read xml file from compressed file using gzip

Discussion in 'Python' started by flebber, Jun 8, 2007.

  1. flebber

    flebber Guest

    I was working at creating a simple program that would read the content
    of a playlist file( in this case *.k3b") and write it out . the
    compressed "*.k3b" file has two file and the one I was trying to read
    was maindata.xml . I cannot however seem to use the gzip module
    correctly. Have tried the program 2 ways for no success, any ideas
    would be appreciated.

    Attempt 1

    #!/usr/bin/python

    import os
    import gzip
    playlist_file = open('/home/flebber/oddalt.k3b')
    class GzipFile([playlist_file[decompress[9, 'rb']]]);

    os.system(open("/home/flebber/tmp/maindata.xml"));

    for line in maindata.xml:
    print line

    playlist_file.close()

    Attempt 2 - largely just trying to get gzip to work

    #!/usr/bin/python

    import gzip
    fileObj = Gzipfile("/home/flebber/oddalt.k3b", 'rb');
    fileContent = fileObj.read()
    for line in filecontent:
    print line

    fileObj.close()
    flebber, Jun 8, 2007
    #1
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  2. flebber wrote:
    > I was working at creating a simple program that would read the content
    > of a playlist file( in this case *.k3b") and write it out . the
    > compressed "*.k3b" file has two file and the one I was trying to read
    > was maindata.xml.


    Consider using lxml. It reads in gzip compressed XML files transparently and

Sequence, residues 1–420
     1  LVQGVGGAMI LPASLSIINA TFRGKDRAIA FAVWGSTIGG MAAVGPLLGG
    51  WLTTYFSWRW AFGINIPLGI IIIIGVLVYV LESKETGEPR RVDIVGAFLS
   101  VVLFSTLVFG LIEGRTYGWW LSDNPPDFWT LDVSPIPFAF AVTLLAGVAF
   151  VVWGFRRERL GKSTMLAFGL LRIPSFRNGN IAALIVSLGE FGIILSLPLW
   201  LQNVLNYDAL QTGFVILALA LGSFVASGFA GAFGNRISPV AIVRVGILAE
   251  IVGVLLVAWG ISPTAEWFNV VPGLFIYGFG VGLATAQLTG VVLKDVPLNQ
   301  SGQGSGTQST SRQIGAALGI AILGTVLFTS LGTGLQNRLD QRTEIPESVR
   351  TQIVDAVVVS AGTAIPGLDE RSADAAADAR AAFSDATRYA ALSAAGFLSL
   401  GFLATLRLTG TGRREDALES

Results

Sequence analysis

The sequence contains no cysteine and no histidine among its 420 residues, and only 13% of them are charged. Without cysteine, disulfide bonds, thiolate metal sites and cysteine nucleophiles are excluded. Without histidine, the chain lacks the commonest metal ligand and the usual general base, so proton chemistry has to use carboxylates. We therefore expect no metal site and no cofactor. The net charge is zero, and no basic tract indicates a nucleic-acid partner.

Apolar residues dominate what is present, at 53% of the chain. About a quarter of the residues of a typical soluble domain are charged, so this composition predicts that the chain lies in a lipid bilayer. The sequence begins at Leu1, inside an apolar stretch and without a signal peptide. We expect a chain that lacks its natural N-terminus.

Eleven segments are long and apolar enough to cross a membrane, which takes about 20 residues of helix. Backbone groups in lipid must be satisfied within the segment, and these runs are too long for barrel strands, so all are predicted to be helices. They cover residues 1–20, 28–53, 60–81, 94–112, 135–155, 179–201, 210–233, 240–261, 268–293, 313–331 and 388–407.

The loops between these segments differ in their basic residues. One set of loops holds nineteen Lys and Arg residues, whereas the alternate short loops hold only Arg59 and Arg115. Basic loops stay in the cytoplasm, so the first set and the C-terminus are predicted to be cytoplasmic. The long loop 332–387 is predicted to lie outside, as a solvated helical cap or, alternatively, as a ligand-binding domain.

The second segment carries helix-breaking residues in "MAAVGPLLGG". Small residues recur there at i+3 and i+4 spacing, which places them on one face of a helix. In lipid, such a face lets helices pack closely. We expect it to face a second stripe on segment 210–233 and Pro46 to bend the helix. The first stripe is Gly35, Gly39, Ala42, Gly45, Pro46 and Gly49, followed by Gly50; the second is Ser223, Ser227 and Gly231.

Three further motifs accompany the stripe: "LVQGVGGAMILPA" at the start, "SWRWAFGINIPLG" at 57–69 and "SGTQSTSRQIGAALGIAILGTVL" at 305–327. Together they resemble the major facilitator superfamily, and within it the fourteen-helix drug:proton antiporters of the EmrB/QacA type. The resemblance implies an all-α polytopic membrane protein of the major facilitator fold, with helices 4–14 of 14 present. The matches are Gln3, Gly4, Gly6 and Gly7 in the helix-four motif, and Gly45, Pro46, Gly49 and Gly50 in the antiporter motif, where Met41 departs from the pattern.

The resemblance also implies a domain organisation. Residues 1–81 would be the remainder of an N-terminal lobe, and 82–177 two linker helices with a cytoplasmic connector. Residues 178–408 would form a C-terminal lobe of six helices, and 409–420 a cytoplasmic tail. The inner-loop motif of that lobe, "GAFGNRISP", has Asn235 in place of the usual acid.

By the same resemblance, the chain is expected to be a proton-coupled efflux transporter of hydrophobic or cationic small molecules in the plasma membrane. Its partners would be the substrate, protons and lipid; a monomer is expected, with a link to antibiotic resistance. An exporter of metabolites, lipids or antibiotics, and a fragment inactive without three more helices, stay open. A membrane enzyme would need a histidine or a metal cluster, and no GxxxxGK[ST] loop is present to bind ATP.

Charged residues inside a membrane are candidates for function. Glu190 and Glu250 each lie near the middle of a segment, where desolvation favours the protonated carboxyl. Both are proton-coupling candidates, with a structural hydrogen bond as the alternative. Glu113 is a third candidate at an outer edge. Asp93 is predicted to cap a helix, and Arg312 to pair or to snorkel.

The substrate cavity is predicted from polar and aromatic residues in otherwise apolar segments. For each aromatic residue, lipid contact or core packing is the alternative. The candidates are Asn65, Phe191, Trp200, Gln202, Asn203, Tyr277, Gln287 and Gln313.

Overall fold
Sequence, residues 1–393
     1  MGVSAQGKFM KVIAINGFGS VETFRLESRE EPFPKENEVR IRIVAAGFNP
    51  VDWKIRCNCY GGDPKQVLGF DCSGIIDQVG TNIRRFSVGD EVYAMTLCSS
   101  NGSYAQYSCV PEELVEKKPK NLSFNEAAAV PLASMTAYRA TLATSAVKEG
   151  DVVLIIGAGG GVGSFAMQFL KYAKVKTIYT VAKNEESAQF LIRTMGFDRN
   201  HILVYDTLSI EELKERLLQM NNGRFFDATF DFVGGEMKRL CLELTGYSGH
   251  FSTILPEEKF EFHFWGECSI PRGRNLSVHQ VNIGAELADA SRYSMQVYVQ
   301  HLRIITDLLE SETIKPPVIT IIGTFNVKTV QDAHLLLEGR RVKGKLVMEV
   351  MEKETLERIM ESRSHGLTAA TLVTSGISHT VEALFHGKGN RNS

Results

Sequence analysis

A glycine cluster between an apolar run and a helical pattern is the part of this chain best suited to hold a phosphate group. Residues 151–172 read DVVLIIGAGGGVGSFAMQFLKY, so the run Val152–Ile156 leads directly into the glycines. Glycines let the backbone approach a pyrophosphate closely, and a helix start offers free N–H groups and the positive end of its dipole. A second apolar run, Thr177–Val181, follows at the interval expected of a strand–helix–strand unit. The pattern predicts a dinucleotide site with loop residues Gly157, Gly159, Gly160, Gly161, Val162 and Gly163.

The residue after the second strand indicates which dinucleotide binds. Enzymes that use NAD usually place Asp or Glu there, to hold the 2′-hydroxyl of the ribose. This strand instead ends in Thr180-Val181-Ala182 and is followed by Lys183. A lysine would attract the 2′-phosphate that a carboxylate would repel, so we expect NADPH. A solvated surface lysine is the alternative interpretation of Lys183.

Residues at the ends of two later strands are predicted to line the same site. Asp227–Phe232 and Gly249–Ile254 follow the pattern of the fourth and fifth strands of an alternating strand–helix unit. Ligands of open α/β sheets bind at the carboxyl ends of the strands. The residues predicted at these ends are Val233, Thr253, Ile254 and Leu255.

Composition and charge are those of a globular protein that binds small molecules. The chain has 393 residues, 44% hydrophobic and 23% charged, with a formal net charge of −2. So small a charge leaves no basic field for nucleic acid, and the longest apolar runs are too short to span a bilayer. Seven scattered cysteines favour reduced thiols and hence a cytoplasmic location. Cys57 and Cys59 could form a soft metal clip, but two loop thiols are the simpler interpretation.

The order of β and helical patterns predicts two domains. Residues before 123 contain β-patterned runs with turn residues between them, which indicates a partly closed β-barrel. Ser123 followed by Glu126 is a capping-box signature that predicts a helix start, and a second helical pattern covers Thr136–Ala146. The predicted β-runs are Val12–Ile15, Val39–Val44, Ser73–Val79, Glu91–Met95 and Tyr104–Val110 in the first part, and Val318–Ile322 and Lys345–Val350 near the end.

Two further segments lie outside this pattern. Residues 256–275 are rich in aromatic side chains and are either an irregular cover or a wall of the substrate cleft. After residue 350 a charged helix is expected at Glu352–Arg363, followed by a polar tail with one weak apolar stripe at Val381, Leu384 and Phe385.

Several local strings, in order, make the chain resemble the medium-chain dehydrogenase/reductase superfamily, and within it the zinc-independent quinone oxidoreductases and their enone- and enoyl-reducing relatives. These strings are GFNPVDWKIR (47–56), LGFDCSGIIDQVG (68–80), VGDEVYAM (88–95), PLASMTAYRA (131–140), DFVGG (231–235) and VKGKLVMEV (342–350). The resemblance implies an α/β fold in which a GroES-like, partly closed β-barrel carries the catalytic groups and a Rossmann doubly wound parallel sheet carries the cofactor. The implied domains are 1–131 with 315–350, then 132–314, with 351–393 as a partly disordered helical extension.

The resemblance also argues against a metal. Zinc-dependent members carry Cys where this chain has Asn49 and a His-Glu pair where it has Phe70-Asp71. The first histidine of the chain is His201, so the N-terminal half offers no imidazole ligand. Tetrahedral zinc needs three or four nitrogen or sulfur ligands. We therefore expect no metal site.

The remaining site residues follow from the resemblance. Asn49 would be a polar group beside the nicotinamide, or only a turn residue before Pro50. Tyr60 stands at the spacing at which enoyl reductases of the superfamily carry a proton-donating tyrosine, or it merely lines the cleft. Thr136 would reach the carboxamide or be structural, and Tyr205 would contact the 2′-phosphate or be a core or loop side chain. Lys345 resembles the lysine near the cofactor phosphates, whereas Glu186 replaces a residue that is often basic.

provides loads of other nice XML goodies.

    http://codespeak.net/lxml/dev/

    Stefan
    Stefan Behnel, Jun 8, 2007
    #2
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  3. flebber

    flebber Guest

    On Jun 8, 3:31 pm, Stefan Behnel <> wrote:
    > flebber wrote:
    > > I was working at creating a simple program that would read the content
    > > of a playlist file( in this case *.k3b") and write it out . the
    > > compressed "*.k3b" file has two file and the one I was trying to read
    > > was maindata.xml.

    >
    > Consider using lxml. It reads in gzip compressed XML files transparently and
    > provides loads of other nice XML goodies.
    >
    > http://codespeak.net/lxml/dev/
    >
    > Stefan


    I will, baby steps at the moment for me at the moment though as I am
    only learning and can't get gzip to work
    flebber, Jun 8, 2007
    #3
  4. flebber

    flebber Guest

    On Jun 8, 9:45 pm, flebber <> wrote:
    > On Jun 8, 3:31 pm, Stefan Behnel <> wrote:
    >
    > > flebber wrote:
    > > > I was working at creating a simple program that would read the content
    > > > of a playlist file( in this case *.k3b") and write it out . the
    > > > compressed "*.k3b" file has two file and the one I was trying to read
    > > > was maindata.xml.

    >
    > > Consider using lxml. It reads in gzip compressed XML files transparently and
    > > provides loads of other nice XML goodies.

    >
    > >http://codespeak.net/lxml/dev/

    >
    > > Stefan

    >
    > I will, baby steps at the moment for me at the moment though as I am
    > only learning and can't get gzip to work


    This is my latest attempt

    #!/usr/bin/python

    import os
    import zlib